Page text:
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Thomas Telford was the farmhand who went on to build modern Britain

Thomas Telford's Menai Suspension Bridge, Wales (PA Archive/PA Images)
Thomas Telford's Menai Suspension Bridge, Wales (PA Archive/PA Images)

MAN Of Iron: Thomas Telford And The Building Of Britain (Bloomsbury) is an engaging new biography which celebrates the achievements of the Borders boy who invented the modern road.

Author Julian Glover tells Sally McDonald the Honest Truth about the famous Scots engineer.


Who was Thomas Telford?

He was an extraordinary engineer and a proud Scotsman who built roads, canals and great bridges in Britain and abroad using bold new technology. Much of what he built is still in use – such as the beautiful Caledonian Canal running from Fort William to Inverness.

What are Telford’s origins?

He was born in the Borders to a family of poor farm labourers and set to work as a boy guarding sheep on the fellsides above the River Esk.

He trained as a stone mason in Langholm and always worked hard to make his way in the world, first in Edinburgh where he saw the New Town being built, then in London and Shropshire.

For what is he most famous?

Telford amazed the world by building two great iron bridges in Wales which you can still visit.

One carried a canal along the Pontcysyllte Aqueduct, a stunning, scary ribbon of iron which opened in 1805.

The other, the world’s first big suspension bridge, takes the road to Holyhead across the Menai Strait and is still a beautiful sight. But they are only a taste of the vast number of things he built in his lifetime.

How did you become interested in him?

I visited the Borders and was talking to a farmer who shared Telford’s surname. That set me thinking: what was it that led someone from what is still a beautiful, rural place go on to change the world through great engineering?

But why did you write about him?

I went to look for a book on Telford and found that there wasn’t a new one – everyone has heard of the engineer Isambard Kingdom Brunel and I decided it was time to tell Telford’s story, too.

What’s surprising about him?

He loved reading and he was a poet who encouraged Rabbie Burns, who was born a couple of years after him.

Telford even published some of his verse. Although it is nowhere near the standard set by Burns, and he knew it, some of his work was included in the first complete edition of Burns’ writing.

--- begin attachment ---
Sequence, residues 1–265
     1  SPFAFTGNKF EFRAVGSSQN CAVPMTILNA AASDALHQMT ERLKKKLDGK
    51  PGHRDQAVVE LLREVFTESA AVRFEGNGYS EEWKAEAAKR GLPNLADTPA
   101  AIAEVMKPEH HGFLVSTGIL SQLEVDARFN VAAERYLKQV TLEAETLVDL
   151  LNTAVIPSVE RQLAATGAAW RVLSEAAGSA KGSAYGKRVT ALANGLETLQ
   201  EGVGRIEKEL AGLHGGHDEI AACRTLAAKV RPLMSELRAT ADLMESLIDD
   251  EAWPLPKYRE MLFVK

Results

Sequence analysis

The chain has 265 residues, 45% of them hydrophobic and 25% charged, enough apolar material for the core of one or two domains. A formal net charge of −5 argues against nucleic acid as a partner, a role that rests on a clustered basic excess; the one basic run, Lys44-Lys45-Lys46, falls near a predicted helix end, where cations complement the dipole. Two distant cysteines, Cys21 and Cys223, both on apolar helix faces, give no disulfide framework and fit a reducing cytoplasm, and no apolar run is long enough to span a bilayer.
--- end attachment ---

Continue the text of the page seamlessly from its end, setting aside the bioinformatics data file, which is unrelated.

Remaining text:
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Is he only interesting to engineers?

No – I wanted to look at Telford’s character, friends and the way in which he shaped the creation of our country.

What should we go and look at?

If you travel to the Highlands you’ll probably drive on the thousand or so miles of road he built there.

Look out for his fine stone bridge at Dunkeld or his amazing iron one over the Spey at Craigellachie (close by some great distilleries!). Or sail along the Caledonian Canal, or in Edinburgh you can cross the Dean Bridge.

But the most memorable sight of all is the gravestone in the quiet chuchyard in Westerkirk, near Langholm, which Telford carved as a boy – it marks the death of his father, an “unblamable shepherd”. Imagine having to make that as a child!

Is there anyone like Telford today?

We’ve still got great engineers but I don’t think there’s anyone who works like him today, able to oversee every bit of a project.

What contemporary feats of Scottish engineering would most impress him if he were alive today?

There’s no doubt at all: Telford would be thrilled to see the three great bridges across the Forth. He’d want to climb to the top of the rail bridge to learn how to use steel – I got the chance to do it once, which was amazing.

Then he’d examine the first road bridge to see how the suspension bridges he created are used today, and of course he’d be as excited as everyone else by the new Queensferry Crossing.